At the literal and metaphoric heart of the matter was the Carter Center. Like most big time real estate deals, politics plays a huge part. As Governor in the 1970′s, Jimmy Carter had opposed the road. However, after his presidency, he backed the plan for a “Presidential Parkway” in and effort to find a home for and road to his Presidential Library. The city was up in arms again, and in 1981, Cathy Bradshaw helped lead the fight (along with some serious assistance from friends, neighbors and future Congressman, John Lewis) against the Georgia Department of Transportation’s proposed road which would have literally divided many of the charming neighborhoods we love today.
Bradshaw was President of C.A.U.T.I.O.N (Citizens Against Unnecessary Thoroughfares In Older Neighborhoods) the legal arm of a protest group, who together with the very visible activist arm known as the Roadbusters, ultimately (in 1991) helped put an end to the proposed road. This resolution not only ensured the preservation of treasures like Inman Park, Candler Park, Lake Claire, Poncey-Highland and Druid Hills, but it also resulted in the symbolic connection between the MLK Center and the Carter Center, proving to be a win-win-win for all. Cathy joins Gene in the studio this month to reflect on the “NO ROAD” fight and remind us about how Atlanta came together for a common cause.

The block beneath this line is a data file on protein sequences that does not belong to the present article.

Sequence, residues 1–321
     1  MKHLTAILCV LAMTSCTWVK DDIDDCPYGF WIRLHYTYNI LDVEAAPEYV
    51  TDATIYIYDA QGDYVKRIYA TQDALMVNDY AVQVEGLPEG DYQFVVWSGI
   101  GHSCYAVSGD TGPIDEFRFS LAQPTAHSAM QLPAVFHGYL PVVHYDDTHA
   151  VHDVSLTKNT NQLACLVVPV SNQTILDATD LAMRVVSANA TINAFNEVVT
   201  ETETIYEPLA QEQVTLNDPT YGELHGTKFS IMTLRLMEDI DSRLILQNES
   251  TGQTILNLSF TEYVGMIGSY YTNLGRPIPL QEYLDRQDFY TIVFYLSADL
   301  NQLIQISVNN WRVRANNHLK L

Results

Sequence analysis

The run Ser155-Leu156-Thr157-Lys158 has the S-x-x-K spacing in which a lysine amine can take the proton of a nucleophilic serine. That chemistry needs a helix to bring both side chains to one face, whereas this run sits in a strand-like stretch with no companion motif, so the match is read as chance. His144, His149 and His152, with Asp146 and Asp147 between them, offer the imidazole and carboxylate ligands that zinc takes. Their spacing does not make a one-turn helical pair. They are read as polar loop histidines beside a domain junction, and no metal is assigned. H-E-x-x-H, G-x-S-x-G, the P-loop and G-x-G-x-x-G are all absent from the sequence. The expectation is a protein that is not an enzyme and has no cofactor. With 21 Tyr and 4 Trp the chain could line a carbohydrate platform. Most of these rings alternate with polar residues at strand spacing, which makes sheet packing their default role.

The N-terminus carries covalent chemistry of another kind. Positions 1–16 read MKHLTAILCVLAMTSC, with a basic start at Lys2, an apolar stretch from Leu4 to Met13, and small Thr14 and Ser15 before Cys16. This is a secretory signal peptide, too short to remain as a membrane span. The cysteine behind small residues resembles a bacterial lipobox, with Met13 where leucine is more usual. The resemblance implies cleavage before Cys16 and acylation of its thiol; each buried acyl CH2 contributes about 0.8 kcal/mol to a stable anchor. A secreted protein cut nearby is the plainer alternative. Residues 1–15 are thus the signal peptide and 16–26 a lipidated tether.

Even though all sides were able to reach an agreement in August 1991, the work was far from over. It was by chance that David Blackley, a landscape architect and now President of the Freedom Park Conservancy, was at City Hall and happened upon the plans for the new road. The DOT was not known for designing beautiful, meandering parkways, opting instead for quicker, cheaper, easier straight lines. David teamed up with Cathy and C.A.U.T.I.O.N (which later evolved into the Freedom Park Conservancy) to perfect the plans for beautification and has been involved ever since, helping to give us the prideful park we have today. David and Gene discuss the design of the Freedom Park, the ongoing programming, and art in the park.